MercoPress, en Español

Montevideo, December 17th 2018 - 02:55 UTC

Falklands’ individual average annual income totals £ 20.100, shows Census

Wednesday, September 12th 2012 - 15:28 UTC
Full article 73 comments
Government is the main employer but tourism also has a significant share Government is the main employer but tourism also has a significant share

The individual average annual income of the Falkland Islands residents totals £ 20.100 (approx 32.000 US dollars) according to data from the latest 2012 Census, which also showed an exceptionally high economic activity rate and a very tight labour market with just 1% unemployment and 20% of residents with a second job.

The Census showed that in the capital Stanley the average individual annual income was higher at £20,600, whilst in Camp average incomes are 10% lower, averaging £18,400. This refers to all persons aged 16 and over, and includes the retired and people not working.

However these averages mask significant variations in income levels across society - almost half of all residents (49.2%) report an annual income of less than £15,000 (with almost 12% reporting income of less than £5000).

Most retirees report incomes of less than £15,000 per annum, however fully two thirds of all persons reporting incomes of less than £15,000 per annum also report that they are employed.

Unsurprisingly, average incomes for persons in employment are higher. Overall, the average income for employed people was £22,400. Again, average incomes for employment were higher in Stanley (£23,300) than in Camp (£21,100).

The Census also reveals that the Falkland Islands has an exceptionally high economic activity rate – at 83.6% (compared to a level of 76% in the UK). The economic activity rate for males is higher still at 87.5%. This reflects the larger proportion of the female population who are retired or who are not working for other reasons (such as homemakers, family carers etc).

The ‘economically active’ population refers to all persons over the age of 15 who are in employment or who are actively seeking work. This includes persons who are self-employed, those working part-time and those who are unemployed.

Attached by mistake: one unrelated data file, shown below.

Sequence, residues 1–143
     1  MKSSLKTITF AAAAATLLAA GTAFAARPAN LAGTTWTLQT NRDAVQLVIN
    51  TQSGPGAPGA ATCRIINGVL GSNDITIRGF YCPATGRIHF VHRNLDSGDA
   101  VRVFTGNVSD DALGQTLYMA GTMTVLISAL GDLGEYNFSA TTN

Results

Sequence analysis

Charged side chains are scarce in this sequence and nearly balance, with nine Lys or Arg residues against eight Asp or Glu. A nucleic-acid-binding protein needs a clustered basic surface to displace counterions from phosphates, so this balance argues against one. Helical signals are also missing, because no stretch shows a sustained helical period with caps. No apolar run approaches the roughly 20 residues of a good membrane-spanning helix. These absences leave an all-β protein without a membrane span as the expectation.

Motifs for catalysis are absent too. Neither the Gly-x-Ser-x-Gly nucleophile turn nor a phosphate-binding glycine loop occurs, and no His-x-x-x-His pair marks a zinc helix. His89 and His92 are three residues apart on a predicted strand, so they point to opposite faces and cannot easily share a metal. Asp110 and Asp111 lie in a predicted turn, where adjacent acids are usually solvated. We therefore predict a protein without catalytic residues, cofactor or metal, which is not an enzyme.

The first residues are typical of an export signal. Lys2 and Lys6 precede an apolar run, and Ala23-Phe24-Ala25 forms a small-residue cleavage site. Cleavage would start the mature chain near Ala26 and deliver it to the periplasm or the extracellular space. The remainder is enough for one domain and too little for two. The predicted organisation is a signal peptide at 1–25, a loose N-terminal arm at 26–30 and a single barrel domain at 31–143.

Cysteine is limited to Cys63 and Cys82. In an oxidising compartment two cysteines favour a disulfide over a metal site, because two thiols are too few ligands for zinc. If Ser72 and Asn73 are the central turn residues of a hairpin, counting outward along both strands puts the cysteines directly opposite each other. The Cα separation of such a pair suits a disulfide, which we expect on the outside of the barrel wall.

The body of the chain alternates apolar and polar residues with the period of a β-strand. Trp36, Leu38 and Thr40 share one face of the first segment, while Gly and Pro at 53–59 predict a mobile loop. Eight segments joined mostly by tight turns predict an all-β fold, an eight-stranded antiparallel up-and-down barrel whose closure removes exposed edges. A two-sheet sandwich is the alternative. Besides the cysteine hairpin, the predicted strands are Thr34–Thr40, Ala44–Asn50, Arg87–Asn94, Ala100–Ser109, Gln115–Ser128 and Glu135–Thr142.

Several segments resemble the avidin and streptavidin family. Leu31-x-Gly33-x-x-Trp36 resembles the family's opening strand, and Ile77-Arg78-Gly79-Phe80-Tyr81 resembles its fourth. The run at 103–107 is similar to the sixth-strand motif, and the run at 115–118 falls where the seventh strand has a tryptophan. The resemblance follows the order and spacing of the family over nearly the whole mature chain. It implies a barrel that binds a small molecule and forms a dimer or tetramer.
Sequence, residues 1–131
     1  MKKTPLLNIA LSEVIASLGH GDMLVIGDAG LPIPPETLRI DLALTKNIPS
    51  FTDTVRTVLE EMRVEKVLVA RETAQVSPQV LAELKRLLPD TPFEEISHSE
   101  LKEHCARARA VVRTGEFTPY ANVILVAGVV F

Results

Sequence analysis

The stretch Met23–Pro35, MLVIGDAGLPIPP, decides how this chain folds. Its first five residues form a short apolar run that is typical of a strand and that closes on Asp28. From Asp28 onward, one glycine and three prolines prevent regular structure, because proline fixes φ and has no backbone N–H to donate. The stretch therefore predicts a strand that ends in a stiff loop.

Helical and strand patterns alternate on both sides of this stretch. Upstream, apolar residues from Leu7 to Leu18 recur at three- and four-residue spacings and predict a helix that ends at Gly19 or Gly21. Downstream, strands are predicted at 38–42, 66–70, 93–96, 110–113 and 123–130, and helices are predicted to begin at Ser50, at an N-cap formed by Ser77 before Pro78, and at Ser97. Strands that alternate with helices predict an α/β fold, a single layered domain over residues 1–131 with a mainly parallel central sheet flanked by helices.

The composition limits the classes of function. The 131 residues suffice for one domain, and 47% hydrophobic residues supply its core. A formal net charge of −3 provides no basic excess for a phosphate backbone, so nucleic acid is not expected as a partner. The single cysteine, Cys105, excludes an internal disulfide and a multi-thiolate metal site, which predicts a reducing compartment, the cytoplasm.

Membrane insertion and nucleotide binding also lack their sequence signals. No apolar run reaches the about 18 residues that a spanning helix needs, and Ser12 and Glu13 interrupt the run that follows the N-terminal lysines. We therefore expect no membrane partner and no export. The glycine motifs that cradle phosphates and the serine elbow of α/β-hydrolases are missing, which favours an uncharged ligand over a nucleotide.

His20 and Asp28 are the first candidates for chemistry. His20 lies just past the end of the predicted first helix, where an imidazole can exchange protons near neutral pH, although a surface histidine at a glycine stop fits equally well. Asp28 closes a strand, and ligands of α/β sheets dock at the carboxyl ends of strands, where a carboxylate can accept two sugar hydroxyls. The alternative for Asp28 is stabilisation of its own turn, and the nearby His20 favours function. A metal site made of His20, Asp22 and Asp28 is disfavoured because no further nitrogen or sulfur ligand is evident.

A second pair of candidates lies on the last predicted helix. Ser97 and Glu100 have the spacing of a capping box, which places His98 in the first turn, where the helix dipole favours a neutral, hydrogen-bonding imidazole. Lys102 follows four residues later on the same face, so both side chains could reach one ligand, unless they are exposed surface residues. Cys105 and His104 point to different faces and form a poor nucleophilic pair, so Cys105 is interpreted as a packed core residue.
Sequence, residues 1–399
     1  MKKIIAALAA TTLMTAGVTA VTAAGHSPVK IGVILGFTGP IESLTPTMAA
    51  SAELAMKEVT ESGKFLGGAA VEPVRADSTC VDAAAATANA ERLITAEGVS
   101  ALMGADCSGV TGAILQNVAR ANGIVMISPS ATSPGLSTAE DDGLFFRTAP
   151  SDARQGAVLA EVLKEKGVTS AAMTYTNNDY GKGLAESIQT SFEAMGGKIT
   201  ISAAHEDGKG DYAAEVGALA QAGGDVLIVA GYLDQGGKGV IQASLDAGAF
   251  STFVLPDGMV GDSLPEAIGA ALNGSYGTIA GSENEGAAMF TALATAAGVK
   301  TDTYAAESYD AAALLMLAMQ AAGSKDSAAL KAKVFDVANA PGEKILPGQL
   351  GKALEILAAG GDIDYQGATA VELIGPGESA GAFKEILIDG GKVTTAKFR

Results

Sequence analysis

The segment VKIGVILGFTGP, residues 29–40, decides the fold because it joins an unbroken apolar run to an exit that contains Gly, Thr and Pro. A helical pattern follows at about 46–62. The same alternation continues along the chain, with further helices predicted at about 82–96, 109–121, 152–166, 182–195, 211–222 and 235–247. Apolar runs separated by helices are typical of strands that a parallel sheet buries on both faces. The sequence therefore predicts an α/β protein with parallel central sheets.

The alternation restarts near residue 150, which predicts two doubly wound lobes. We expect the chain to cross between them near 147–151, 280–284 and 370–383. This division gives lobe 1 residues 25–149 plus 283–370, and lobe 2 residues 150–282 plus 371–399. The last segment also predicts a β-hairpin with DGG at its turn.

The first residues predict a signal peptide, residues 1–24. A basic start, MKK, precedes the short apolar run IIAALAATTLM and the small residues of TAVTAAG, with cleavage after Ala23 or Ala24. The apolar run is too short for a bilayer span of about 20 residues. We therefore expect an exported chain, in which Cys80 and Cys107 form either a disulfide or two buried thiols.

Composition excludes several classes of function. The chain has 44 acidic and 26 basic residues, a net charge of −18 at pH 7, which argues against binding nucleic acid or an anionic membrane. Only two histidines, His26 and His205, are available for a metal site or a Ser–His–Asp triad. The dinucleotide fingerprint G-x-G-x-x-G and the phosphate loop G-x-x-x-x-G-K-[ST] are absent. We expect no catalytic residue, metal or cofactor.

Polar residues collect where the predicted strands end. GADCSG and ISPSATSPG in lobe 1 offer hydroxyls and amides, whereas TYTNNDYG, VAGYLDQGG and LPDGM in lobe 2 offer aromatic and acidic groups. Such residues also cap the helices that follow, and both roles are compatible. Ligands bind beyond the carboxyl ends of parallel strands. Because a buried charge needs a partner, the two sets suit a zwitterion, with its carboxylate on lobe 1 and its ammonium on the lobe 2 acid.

The Census also highlights the tight labour market within the Falklands: the unemployment rate is 1% indicating that there is virtually no spare capacity within the labour market to accommodate any additional employment opportunities that may arise in the future. Indeed, almost 20% of persons in employment have more than one job.

The Census asked all persons in employment (whether employees or self-employed) to identify the economic activity they were engaged in.

The largest employment sector on the Islands remains the Falkland Islands Government – accounting for 28% of all employment. Other significant employers in the Islands are agriculture (11%), hospitality and tourism (11%) and transport and communications (12%).

Employment in the agricultural industry continues to decline since 2006 with 189 employees in 2012 (down from 205 in 2006).

“Tourism” was self-selected by a number of residents as their primary economic activity. In strict definitional terms this is not an “industry” hence additional jobs in the tourism sector are included in other categories, such as transport. It is also noteworthy that a significant number of individuals also reported having a second job, with the largest number of such individuals reporting that their secondary employment was in the tourism sector.

 

Top Comments

Disclaimer & comment rules
  • M_of_FI

    DanyBerger, look how much us “squatters” are earning! I wonder what the average wage in Argentina is? Let's not forget about factoring in Argentina's wildly high inflation which eats away at people's earnings! But thats right, because the Falklands doesnt have Italian sports cars, $50m hospitals or skyscrapers, we must be poor!

    Sep 12th, 2012 - 04:12 pm 0
  • brucey-babe

    @1.
    Well said.

    Sep 12th, 2012 - 04:24 pm 0
  • Idlehands

    A $50m hospital isn't much to shout about. I worked in a London teaching hospital 20 years ago and it cost £500m to build and £500m to run every year. Probably double that nowadays.

    Sep 12th, 2012 - 04:50 pm 0
Read all comments

Commenting for this story is now closed.
If you have a Facebook account, become a fan and comment on our Facebook Page!